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J Int Soc Sports Nutr. 2010 Feb 3;7:8. doi: 10.1186/1550-2783-7-8.

Examination of the efficacy of acute L-alanyl-L-glutamine ingestion during hydration stress in endurance exercise.

Author information

1
The College of New Jersey, Department of Health and Exercise Science, Ewing NJ 08628, USA. hoffmanj@tcnj.edu.

Abstract

BACKGROUND:

The effect of acute L-alanyl-L-glutamine (AG; Sustamine) ingestion on performance changes and markers of fluid regulation, immune, inflammatory, oxidative stress, and recovery was examined in response to exhaustive endurance exercise, during and in the absence of dehydration.

METHODS:

Ten physically active males (20.8 +/- 0.6 y; 176.8 +/- 7.2 cm; 77.4 +/- 10.5 kg; 12.3 +/- 4.6% body fat) volunteered to participate in this study. During the first visit (T1) subjects reported to the laboratory in a euhydrated state to provide a baseline (BL) blood draw and perform a maximal exercise test. In the four subsequent randomly ordered trials, subjects dehydrated to -2.5% of their baseline body mass. For T2, subjects achieved their goal weight and were not rehydrated. During T3 - T5, subjects reached their goal weight and then rehydrated to 1.5% of their baseline body mass by drinking either water (T3) or two different doses (T4 and T5) of the AG supplement (0.05 g.kg-1 and 0.2 g.kg-1, respectively). Subjects then exercised at a workload that elicited 75% of their VO2 max on a cycle ergometer. During T2 - T5 blood draws occurred once goal body mass was achieved (DHY), immediately prior to the exercise stress (RHY), and immediately following the exercise protocol (IP). Resting 24 hour (24P) blood samples were also obtained. Blood samples were analyzed for glutamine, potassium, sodium, aldosterone, arginine vasopressin (AVP), C-reactive protein (CRP), interleukin-6 (IL-6), malondialdehyde (MDA), testosterone, cortisol, ACTH, growth hormone and creatine kinase. Statistical evaluation of performance, hormonal and biochemical changes was accomplished using a repeated measures analysis of variance.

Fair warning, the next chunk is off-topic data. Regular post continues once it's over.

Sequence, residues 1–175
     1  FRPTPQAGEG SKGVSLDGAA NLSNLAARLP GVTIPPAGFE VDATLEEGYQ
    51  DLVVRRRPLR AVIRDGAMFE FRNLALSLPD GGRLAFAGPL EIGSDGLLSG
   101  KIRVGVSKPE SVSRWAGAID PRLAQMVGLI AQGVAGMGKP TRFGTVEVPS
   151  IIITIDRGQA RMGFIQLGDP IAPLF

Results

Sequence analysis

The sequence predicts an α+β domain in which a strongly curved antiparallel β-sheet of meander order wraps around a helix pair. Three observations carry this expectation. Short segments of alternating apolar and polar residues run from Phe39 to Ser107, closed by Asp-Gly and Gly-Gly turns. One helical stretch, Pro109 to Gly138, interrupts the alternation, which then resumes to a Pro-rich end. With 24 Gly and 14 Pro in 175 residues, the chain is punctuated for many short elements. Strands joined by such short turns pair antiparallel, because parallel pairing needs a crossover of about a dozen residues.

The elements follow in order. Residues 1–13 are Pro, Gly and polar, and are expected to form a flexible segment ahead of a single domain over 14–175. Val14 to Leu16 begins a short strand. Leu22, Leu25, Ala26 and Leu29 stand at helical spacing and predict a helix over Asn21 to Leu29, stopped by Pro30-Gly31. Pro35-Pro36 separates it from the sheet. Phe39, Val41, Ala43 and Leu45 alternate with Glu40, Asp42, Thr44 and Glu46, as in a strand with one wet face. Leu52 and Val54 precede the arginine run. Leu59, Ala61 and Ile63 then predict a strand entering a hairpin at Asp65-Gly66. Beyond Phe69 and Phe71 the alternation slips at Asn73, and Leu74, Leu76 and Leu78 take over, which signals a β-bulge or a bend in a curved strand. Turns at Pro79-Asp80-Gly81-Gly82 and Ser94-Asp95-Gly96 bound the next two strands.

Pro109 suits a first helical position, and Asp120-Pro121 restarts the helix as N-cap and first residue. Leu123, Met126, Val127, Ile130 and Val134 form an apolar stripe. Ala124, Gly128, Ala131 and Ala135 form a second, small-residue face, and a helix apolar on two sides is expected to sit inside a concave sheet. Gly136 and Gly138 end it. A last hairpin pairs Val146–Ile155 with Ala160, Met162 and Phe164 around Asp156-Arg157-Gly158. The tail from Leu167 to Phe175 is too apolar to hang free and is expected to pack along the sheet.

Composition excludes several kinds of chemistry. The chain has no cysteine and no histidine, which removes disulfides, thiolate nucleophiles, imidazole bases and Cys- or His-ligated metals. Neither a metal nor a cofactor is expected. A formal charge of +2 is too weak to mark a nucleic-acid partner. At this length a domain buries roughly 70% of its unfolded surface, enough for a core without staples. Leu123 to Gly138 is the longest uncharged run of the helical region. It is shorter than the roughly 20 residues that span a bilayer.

RESULTS:

Glutamine concentrations for T5 were significantly higher at RHY and IP than T2 - T4. When examining performance changes (difference between T2 - T5 and T1), significantly greater times to exhaustion occurred during T4 (130.2 +/- 340.2 sec) and T5 (157.4 +/- 263.1 sec) compared to T2 (455.6 +/- 245.0 sec). Plasma sodium concentrations were greater (p < 0.05) at RHY and IP for T2 than all other trials. Aldosterone concentrations at RHY and IP were significantly lower than that at BL and DHY. AVP was significantly elevated at DHY, RHY and IP compared to BL measures. No significant differences were observed between trials in CRP, IL-6, MDA, or in any of the other hormonal or biochemical measures.

CONCLUSION:

Results demonstrate that AG supplementation provided a significant ergogenic benefit by increasing time to exhaustion during a mild hydration stress. This ergogenic effect was likely mediated by an enhanced fluid and electrolyte uptake.

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